The first reverse genetic approach for the construction of a full-length infectious ZIKV cDNA clone was reported by Tsetsarkin et al. in 2016 [57]. Authors described the generation of an infectious cDNA clone for ZIKV Paraiba_01/2015, a virus isolated from serum of a febrile female subject in the Paraiba state in Brazil during the 2015 epidemic. To that end, four overlapping cDNA fragments spanning the entire ZIKV genome were individually cloned and assembled into the low-copy number plasmid pACNR1811 using conventional molecular cloning techniques. To restrict plasmid toxicity during the propagation of the cDNA in bacteria, they inserted two intron sequences in the NS1 and NS5 regions of the viral genome. Authors observed that the insertion of a single intron into the NS1 was sufficient for stable propagation of the infectious ZIKV cDNA clone but insertion of a second intron copy into the NS5 region was necessary to increase the plasmid yield in E. coli. The RNA polymerase II dependent CMV promoter and the HCVr sequences were engineered to flank the complete viral cDNA genome to ensure the successful rescue of the virus after plasmid transfection in Vero cells. Excision of the introns was carried out by the cellular machinery in the nucleus of transfected cells and, therefore, the resulting RNA was identical to the virus sequence and could initiate the replication/transcription steps in the cytoplasm (Table 2). The cDNA-derived rZIKV replicated efficiently in multiple cell lines, including those of placental and neuronal origin. Likewise, Schwarz et al. in 2016 also reported the construction of a plasmid carrying the complete genome of the prototype MR766 ZIKV African strain under the control of a CMV promoter [58]. In this case, the full-length cDNA clone was toxic during propagation in bacteria but incorporation of an intron in the NS1 region was sufficient to stabilize the cDNA clone.

2.2.2. Assembly of Full-Length Infectious ZIKV cDNA Clones Using Circular Polymerase Extension Cloning (CPEC)

As an alternative to bypass the inherent problem associated with the toxicity of ZIKV cDNA genomes during the propagation in bacteria, Setoh et al. in 2017 used a CPEC reaction approach [83] to construct a full-length infectious cDNA clone of the Brazilian ZIKV strain Rio Grande do Natal (RGN) [59]. The approach is based on the assembling of multiple cDNA fragments in the right order using a polymerase extension mechanism (Table 2). Briefly, eight overlapping cDNA fragments covering the entire viral genome flanked by the CMV promoter (5′ end) and HDVr and pA signal (3′ end), were mixed and subjected to a CPEC reaction using the Q5 high fidelity DNA polymerase. During the denaturalization step associated with the PCR reaction, the overlapping ends of contiguous cDNA anneal to each other and the PCR reaction generates a circular end product. The CPEC products were then used to directly transfect Vero cells without any additional manipulations, allowing the rescue of the rZIKV. The rZIKV-RGN was able to replicate in Vero, human A459 and mosquito C6/36 cells. Due to the absence of an RGN natural isolated, the author compared the replication of the rZIKV-RGN with the Asian strain ZIKV MR766, showing that rZIKV-RGN replicated less efficiently than ZIKV MR766. Moreover, ZIKV-RGN was detected in serum of infected IFNAR−/− A129 mice after 4 -5 days, however the infection was asymptomatic with 100% of survival. In contrast, ZIKV-RGN infection of pregnant IFNAR−/− A129 dams showed severe fetal disorder.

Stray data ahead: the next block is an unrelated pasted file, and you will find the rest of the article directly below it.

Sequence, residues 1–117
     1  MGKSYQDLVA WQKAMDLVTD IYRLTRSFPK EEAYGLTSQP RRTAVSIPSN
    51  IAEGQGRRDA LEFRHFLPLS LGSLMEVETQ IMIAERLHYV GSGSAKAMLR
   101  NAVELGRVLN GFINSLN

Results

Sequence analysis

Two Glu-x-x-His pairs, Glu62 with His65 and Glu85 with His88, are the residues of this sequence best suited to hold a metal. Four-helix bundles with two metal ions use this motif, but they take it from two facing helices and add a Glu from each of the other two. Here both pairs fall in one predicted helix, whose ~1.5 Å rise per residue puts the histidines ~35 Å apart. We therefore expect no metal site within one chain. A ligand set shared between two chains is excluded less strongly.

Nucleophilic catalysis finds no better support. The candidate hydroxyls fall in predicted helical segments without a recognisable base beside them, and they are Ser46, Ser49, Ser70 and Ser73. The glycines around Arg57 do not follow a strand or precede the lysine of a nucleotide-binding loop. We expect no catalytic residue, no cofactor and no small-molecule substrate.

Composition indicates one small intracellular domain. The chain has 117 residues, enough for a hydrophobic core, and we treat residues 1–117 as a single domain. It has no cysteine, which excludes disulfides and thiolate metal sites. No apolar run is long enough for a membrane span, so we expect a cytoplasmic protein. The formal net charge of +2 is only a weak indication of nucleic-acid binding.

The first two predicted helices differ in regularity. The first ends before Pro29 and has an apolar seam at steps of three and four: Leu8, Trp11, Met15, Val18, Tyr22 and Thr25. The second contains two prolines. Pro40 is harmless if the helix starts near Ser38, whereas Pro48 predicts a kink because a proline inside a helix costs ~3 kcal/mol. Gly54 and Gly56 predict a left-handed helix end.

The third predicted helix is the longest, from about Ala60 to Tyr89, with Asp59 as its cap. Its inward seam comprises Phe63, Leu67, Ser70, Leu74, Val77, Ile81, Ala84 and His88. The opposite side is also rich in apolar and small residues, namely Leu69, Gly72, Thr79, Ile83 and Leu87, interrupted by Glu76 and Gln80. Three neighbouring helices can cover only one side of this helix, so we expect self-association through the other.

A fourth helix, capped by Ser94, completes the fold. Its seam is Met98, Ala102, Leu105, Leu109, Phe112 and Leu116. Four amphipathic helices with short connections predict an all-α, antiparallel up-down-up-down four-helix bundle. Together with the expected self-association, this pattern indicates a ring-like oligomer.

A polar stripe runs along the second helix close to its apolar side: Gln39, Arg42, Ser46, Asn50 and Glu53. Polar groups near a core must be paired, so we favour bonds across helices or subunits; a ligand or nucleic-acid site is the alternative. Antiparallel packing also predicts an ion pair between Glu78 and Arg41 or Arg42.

2.2.3. Construction of Full-Length Infectious ZIKV cDNA Clones Using BACs